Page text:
An unconscious 70-year-old man was rushed to an emergency room in Miami, Florida, earlier this year.
He had no identification, family or friends with him when he arrived.
However, he had a tattoo across his chest that said "Do Not Resuscitate." It included a signature.
The man's ink left doctors in an ethical dilemma — save the man’s life or honor the tattoo and let him die?
The case was published in the New England Journal of Medicine on Thursday.
"This patient's tattooed DNR request produced more confusion than clarity, given concerns about its legality and likely unfounded beliefs that tattoos might represent permanent reminders of regretted decisions made while the person was intoxicated," one of the paper's author, Gregory Holt, a doctor at the University of Miami Hospital, wrote.
The article said the man, who had a history of pulmonary disease, was taken to Jackson Memorial Hospital in a deteriorating condition that turned deadly.
Doctors first decided not to honor the unusual DNR request "invoking the principle of not choosing an irreversible path when faced with uncertainty," according to the study.
What ethics experts say
But they were conflicted enough to ask for an ethics consultation. The consultants disagreed with their decision.
"As unorthodox as it is, you do get a dramatic view of what this patient would want," Ken Goodman, co-director of the University of Miami's ethics programs told the Atlantic Journal.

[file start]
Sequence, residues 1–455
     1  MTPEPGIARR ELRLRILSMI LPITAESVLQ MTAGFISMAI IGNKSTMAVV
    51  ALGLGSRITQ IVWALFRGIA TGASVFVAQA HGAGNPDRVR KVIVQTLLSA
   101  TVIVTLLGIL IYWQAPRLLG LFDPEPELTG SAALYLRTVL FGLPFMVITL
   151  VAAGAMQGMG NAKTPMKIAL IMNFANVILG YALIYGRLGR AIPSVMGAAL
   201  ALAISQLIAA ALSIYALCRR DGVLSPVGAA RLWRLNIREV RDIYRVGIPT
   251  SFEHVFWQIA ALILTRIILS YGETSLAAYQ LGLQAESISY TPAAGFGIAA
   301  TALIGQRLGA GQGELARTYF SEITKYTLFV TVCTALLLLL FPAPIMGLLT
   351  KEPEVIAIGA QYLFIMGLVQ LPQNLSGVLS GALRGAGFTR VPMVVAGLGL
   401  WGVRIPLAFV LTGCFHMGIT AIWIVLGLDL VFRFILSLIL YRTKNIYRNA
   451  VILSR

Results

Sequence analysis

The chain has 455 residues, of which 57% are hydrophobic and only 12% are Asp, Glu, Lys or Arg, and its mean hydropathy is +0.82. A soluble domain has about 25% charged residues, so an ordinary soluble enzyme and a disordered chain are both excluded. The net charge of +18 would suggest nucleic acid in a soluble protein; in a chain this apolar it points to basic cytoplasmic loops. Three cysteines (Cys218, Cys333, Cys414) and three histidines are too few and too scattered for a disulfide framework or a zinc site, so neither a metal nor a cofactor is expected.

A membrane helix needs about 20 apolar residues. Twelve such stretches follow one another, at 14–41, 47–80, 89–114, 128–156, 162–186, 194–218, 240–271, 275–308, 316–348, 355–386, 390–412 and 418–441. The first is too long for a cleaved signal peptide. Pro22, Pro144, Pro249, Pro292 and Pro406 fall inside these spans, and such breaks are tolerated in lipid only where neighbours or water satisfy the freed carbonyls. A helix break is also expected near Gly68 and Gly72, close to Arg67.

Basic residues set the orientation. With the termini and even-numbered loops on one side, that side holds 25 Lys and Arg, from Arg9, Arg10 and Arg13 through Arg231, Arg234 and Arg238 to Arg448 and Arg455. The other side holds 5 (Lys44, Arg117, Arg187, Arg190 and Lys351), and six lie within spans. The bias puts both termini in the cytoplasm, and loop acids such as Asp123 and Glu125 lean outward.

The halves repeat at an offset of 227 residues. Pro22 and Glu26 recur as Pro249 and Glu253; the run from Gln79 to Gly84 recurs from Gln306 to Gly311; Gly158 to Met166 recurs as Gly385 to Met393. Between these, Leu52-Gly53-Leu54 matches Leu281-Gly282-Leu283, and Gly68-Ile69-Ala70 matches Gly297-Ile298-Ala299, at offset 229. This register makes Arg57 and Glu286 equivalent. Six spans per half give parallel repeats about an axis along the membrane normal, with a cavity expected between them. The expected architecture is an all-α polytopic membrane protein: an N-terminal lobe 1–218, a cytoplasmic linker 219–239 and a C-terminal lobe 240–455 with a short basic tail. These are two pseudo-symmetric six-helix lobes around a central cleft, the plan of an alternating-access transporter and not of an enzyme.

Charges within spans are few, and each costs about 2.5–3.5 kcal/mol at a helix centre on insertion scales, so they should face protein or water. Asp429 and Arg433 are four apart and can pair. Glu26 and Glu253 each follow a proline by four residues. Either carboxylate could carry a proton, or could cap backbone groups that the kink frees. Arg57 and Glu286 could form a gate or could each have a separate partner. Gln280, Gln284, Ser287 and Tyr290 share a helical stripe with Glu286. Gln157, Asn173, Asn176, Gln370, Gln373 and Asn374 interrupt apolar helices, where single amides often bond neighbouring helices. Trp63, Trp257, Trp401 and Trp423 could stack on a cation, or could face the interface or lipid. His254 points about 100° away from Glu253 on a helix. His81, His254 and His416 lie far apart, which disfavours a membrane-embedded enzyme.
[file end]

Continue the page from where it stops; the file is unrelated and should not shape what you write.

Social workers later used the man's fingerprints to track down his DNR paperwork, required in Florida to make such a request legally valid, supporting the end of life wishes inked on his skin.
The unidentified patient died the next morning.
Arthur Caplan, head of the division of medical ethics at the New York University School of Medicine, told The Washington Post that a tattoo should be a binding request.
"A tattoo, I think, is best seen as a way to alert medical staff to your wishes," he said. "It’s useful to back up a living will or an advanced directive."
Caplan says there are no legal penalties if doctors ignore a tattoo, but letting a patient die without the proper documentation could cause a problem.
"The safer course is to do something," he said, noting that it puts doctors in a predicament that requires difficult decisions.
"We were relieved to find his written DNR request," the authors of the paper concluded
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